US8132743Mar 26, 2010Mar 13, 2012Nordson CorporationColor change for powder coating material application system
US8167517May 6, 2010May 1, 2012Nordson CorporationPump with suction and pressure control for dry particulate material
US8256996Oct 4, 2011Sep 4, 2012Nordson CorporationProcess and equipment for the conveyance of powdered material
US8333570Dec 9, 2010Dec 18, 2012Nordson CorporationDense phase pump for dry particulate material
US8491226Aug 7, 2012Jul 23, 2013Nordson CorporationProcess and equipment for the conveyance of powdered material
US8491227Apr 11, 2012Jul 23, 2013Nordson CorporationPump for powder coating materials with data structure for storing powder flow recipes
US8678777 *Nov 19, 2012Mar 25, 2014Nordson CorporationDense phase pump for dry particulate material
US20100314462 *Aug 4, 2010Dec 16, 2010Nordson CorporationParticulate material applicator and pump
US20130078117 *Nov 19, 2012Mar 28, 2013Nordson CorporationDense phase pump for dry particulate material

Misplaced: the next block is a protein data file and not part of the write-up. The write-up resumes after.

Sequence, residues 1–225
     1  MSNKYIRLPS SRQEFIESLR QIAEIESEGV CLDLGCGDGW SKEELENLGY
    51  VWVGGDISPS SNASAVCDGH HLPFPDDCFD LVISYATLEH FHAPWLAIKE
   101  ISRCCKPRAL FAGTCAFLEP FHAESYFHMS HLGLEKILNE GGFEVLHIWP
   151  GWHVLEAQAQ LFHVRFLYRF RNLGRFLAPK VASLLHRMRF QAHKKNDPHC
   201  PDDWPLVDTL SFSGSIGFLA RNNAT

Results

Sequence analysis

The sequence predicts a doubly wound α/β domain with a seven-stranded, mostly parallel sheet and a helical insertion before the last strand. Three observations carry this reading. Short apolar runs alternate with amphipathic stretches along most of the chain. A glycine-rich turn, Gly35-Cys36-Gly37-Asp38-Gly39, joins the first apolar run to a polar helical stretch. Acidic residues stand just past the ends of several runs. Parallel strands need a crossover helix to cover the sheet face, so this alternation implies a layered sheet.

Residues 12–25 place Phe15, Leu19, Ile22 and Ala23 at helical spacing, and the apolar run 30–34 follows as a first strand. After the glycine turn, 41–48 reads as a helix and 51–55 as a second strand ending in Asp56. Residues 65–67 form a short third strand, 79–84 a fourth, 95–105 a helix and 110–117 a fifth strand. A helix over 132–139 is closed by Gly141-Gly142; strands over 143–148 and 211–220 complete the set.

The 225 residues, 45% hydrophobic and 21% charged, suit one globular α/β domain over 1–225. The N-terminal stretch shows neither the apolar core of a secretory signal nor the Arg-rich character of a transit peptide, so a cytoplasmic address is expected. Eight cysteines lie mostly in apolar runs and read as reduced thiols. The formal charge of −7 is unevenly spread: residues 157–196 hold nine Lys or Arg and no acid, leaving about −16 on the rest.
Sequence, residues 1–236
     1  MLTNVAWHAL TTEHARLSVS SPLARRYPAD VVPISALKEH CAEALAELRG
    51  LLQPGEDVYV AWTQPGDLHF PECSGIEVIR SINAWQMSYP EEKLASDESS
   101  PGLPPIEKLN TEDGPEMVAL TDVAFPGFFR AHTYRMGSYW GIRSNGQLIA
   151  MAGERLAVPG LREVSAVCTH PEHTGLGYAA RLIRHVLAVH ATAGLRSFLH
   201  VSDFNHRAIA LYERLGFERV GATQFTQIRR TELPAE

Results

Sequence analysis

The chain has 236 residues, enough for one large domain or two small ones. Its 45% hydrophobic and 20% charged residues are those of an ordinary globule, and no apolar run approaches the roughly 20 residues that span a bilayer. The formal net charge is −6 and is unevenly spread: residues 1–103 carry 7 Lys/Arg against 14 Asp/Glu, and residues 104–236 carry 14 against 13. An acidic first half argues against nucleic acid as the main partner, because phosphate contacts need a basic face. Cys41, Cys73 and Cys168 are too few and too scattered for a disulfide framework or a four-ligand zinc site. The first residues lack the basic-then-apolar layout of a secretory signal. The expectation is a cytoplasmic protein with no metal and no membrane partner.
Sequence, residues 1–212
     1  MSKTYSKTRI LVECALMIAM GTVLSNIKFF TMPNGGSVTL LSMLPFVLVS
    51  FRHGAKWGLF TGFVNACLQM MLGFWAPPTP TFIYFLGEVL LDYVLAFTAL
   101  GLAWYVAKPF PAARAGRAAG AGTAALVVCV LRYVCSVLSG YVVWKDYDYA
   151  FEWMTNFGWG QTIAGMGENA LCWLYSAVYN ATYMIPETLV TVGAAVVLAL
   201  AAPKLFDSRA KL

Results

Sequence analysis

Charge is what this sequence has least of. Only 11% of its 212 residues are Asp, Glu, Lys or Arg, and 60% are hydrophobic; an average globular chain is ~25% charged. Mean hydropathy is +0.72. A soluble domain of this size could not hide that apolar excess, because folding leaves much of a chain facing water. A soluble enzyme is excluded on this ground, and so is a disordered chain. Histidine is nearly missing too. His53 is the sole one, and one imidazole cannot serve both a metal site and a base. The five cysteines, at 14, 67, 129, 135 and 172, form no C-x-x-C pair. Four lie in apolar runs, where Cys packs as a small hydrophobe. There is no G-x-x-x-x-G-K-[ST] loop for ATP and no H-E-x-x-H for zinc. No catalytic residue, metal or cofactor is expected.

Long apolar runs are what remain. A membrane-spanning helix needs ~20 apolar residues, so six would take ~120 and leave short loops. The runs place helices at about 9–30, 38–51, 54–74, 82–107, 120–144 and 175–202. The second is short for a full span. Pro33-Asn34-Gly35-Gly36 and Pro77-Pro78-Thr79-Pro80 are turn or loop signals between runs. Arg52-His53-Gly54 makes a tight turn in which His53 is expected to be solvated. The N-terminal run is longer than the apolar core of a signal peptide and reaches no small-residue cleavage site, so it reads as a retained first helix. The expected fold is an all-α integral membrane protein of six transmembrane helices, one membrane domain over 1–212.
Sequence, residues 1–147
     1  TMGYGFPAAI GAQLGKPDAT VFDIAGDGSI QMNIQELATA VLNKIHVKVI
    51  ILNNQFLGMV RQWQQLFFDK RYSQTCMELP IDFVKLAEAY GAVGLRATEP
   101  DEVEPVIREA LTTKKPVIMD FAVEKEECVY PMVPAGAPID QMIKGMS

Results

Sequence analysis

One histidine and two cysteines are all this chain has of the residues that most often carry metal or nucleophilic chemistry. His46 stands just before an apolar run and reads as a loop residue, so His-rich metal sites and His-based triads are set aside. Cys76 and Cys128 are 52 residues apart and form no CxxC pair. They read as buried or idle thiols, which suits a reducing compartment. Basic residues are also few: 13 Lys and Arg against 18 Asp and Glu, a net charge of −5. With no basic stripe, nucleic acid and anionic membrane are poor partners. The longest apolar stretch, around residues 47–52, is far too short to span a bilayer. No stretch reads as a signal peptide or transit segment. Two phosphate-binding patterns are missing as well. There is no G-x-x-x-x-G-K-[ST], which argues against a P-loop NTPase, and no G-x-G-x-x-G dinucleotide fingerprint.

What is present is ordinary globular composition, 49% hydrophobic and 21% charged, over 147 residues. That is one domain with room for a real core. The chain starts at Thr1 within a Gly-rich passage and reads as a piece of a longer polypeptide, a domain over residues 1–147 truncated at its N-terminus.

DE102009016095A1 *Apr 3, 2009Oct 14, 2010Impellis GmbH & Co. KG OberflächentechnikFörderer für ein Pulver-/Gasgemisch
WO1996034203A1 *Apr 24, 1996Oct 31, 1996Bertony JosephImprovements in membranes for peristaltic pumps and pumps incorporating such membranes
WO2003095838A1 *May 12, 2003Nov 20, 2003Hte North AmericaFluid-handling system, components and method
Classifications
U.S. Classification417/474, 417/479
International ClassificationF04B43/10
Cooperative ClassificationF04B43/10
European ClassificationF04B43/10
Legal Events
DateCodeEventDescription
Mar 10, 1998FPExpired due to failure to pay maintenance fee
Effective date: 19971231
Dec 28, 1997LAPSLapse for failure to pay maintenance fees
Aug 5, 1997REMIMaintenance fee reminder mailed